- In 2016, 5.148 million babies were born in the European Union (EU), compared with 5.103 million in 2015.
- On average in the EU, women who gave birth to their first child in 2016 were 29 years old. Across Member States, first time mothers were on average the youngest in Bulgaria and the oldest in Italy.
- Around 5% of births of first children in the EU in 2016 were to women aged less than 20 (teenage mothers) and around 3% to women aged 40 and over.
- Among the 5.148 million births in the EU in 2016, nearly 1 in 5 (or almost 930 000) concerned a third or subsequent child.
- Overall, the total fertility rate in the EU stood at 1.60 births per woman in 2016. It varied between Member States from 1.34 in both Spain and Italy to 1.92 in France.
Total fertility rate highest in France and Sweden
In 2016, France (1.92 births per woman) and Sweden (1.85) were the two Member States with the highest total fertility rates in EU. They were followed by Ireland (1.81), Denmark and the United Kingdom (both 1.79). Conversely, the lowest fertility rates were observed in Spain and Italy (both 1.34 births per woman), Portugal (1.36), Cyprus and Malta (both 1.37), Greece (1.38) and Poland (1.39).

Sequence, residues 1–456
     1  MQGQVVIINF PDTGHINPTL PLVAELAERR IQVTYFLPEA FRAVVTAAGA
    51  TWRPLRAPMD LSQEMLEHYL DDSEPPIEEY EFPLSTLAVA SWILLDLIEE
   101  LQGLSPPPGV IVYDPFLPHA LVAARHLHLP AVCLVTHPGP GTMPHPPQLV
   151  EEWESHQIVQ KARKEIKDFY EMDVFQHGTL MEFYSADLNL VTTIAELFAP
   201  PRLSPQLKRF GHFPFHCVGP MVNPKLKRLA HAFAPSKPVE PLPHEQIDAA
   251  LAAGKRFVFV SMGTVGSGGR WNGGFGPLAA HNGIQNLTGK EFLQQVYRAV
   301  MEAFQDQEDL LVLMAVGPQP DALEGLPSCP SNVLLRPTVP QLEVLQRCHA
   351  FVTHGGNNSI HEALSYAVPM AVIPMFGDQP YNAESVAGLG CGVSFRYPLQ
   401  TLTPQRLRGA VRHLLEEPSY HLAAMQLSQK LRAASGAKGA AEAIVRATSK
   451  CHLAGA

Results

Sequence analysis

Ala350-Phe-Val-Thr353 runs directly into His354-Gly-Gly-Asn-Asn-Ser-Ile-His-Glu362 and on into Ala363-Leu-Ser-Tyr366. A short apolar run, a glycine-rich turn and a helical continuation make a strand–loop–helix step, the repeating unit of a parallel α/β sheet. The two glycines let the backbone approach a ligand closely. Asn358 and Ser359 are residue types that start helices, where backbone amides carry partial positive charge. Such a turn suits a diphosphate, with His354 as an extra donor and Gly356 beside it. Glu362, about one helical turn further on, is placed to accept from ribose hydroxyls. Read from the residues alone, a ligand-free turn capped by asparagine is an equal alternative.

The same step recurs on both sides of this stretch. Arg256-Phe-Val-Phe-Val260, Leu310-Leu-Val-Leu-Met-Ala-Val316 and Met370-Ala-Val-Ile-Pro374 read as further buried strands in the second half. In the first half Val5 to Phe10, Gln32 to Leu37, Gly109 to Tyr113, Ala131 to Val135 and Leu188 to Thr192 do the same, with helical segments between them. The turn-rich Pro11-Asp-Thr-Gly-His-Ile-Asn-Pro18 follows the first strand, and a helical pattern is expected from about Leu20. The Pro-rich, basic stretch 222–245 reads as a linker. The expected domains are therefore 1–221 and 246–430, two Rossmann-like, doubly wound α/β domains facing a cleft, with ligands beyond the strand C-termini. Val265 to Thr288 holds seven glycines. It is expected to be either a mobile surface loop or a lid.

First time mothers youngest in Bulgaria, Romania and Latvia, oldest in Italy and Spain
In 2016, the mean age of mothers at the first childbirth varied between the EU Member States. The lowest mean age for the first childbirth was recorded in Bulgaria (26.0 years), followed by Romania (26.4), Latvia (26.8), Slovakia (27.0), Poland (27.2) and Lithuania (27.3). In contrast, the mother’s age for the first childbirth was above 30 in Italy (31.0 years), Spain (30.8), Luxembourg (30.5), Greece (30.3) and Ireland (30.1).
Around 14% of first children born to teenage mothers in Bulgaria and Romania
The highest shares of births of a first child to teenage mothers (less than 20 years old) were recorded in Romania (14.2% of total births of first child in 2016), Bulgaria (13.6%) and Hungary (10.8%), ahead of Slovakia (9.9%), Lithuania (6.3%), the United Kingdom (6.2%) and Latvia (6.1%). On the other hand, the lowest shares were observed in Slovenia (1.6%), Italy (1.7%), the Netherlands (1.8%), Denmark and Sweden (both 1.9%), as well as in Luxembourg (2.2%).
In contrast, the highest proportions of births of a first child to women aged 40 and over were registered in Italy (7.2% of total births of first child in 2016), Spain (6.6%), Greece (5.3%), Luxembourg (4.8%) and Ireland (4.3%).
One out of ten births in Finland was to a mother who already had at least three children
In the EU, more than 80% (81.9%) of births were first and second children, while births of third children accounted for 12.2% of the total and fourth or subsequent children accounted for 5.9% in 2016.
Across the EU Member States, the highest share of mothers having their fourth or subsequent children was recorded in Finland (10.1%), followed by Ireland (9.0%), the United Kingdom (8.5%), Slovakia (8.1%), Romania (7.7%) and Belgium (7.6%).